RBA rate cut to historic lows to boost growth, is that really going to happen?
The RBA has cut the interest rate by 25 basis points from 1.75% to a historic low of 1.5% in an effort to stimulate the economy, specifically boosting growth and reducing the Australian dollar. Concerns have been raised about the subsequent effect that this will have adverse effects on the property markets. By decreasing the interest rates, many are worried that this may result in a further inflation within the property market.
RBA governor Glenn Stevens has addressed the concerns that surround the Australian property market, stating that the banks themselves will be cautious in lending within the property market and hence solving this issue themselves. However, it seems rather callous for the RBA to leave the fate of the Australian property market and by extension, the Australian economy in the hands of four private institutions. Banks are allowed to have market power and they are allowed to make lawful decisions; they do not possess the same mandate to protect the Australian economy as the Government and the RBA.
Inflation is substantially lower than the current 2-3% target in addition to this, low growth figures announced within the retail market places foreshadows another cut in the near future. The pressure is rising within the Australian economy. If the RBA was to drop interest rates again, their collars might be a bit tighter. Without the buffer room, they could fall victim in the hands of a liquidity trap. In addition to this, if Donald Trump was to win the U.S. election, it is forecasted that a major sell of U.S. dollars may occur. This would drop the rates of the $USD and subsequently push the $AUD even higher. A higher dollar means less exports, and a decrease in competitiveness within the global economy.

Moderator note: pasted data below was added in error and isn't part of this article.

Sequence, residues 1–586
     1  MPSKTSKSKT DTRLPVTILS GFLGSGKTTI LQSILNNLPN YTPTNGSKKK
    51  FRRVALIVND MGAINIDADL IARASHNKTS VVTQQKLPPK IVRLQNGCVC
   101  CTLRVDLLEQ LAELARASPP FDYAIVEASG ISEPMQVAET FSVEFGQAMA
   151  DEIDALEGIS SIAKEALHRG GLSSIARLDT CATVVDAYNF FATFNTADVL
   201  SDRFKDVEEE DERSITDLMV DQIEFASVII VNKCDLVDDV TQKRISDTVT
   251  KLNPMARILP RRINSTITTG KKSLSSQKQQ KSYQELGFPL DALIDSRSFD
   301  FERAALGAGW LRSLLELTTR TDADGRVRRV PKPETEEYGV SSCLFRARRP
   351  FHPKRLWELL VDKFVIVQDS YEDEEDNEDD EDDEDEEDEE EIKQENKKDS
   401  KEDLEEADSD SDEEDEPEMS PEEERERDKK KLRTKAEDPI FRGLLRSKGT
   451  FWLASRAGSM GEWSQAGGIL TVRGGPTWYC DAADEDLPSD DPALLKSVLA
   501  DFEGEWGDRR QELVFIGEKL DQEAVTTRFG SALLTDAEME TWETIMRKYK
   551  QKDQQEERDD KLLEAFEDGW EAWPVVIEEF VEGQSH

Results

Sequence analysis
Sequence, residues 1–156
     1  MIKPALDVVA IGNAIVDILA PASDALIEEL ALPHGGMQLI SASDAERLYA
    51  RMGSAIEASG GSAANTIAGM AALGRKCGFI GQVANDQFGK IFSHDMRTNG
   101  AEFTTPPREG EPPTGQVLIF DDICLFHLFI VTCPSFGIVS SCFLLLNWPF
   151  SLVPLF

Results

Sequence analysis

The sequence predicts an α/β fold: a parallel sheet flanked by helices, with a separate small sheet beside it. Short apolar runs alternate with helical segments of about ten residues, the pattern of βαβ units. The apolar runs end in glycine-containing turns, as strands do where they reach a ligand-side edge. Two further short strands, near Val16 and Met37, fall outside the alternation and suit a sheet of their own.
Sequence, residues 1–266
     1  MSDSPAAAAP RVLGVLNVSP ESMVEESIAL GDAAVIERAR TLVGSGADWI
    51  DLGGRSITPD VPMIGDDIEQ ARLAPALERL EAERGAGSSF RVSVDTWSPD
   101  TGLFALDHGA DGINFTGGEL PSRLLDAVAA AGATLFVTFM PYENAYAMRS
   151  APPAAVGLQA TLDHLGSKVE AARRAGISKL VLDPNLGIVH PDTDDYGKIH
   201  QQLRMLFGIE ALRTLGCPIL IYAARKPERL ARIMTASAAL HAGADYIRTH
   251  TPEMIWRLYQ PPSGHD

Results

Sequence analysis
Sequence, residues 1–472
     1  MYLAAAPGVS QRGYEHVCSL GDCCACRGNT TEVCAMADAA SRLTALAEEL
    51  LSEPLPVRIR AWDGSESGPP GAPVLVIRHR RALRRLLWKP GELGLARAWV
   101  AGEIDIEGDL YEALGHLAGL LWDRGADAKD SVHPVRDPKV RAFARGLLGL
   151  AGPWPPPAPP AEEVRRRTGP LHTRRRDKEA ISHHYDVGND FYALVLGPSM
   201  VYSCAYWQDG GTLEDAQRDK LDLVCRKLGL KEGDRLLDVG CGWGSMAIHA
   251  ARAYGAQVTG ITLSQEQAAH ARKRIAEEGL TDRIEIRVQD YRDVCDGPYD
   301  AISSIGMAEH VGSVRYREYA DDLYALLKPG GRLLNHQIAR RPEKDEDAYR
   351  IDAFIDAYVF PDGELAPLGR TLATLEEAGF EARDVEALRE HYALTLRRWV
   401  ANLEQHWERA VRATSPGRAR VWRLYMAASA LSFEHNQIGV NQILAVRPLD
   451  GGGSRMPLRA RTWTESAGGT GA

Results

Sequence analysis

Even more alarming is the fact that the banks have not truly passed on the interest rate cut. The Big four banks have passed on about half of the cuts, keeping the rest for themselves. The stimulatory effects of the cut will not be fully realized as a result of this, and it’s concerning as this has been the trend over the last decade when considering interest rate cuts. The banks will have to explain their decisions in-front of the House Economics Committee. Unfortunately, this committee isn’t one that can enforce the law. It is the ACCC that must investigate whether there is a violation of market power.
We’ve seen this happen before. In 2012, the RBA held the rate at 4.25% of the cash rate, however the Big Four banks acted independently and increased the interest rate for the benefit of their own share-holders. With such a small cluster of banks deciding the Australian economy, it is worrying to think about the power that this financial oligopoly has. The Government seems to be extremely lenient on the banks and the statements made by Glenn Stevens support this as they consistently put the ball in their playing field.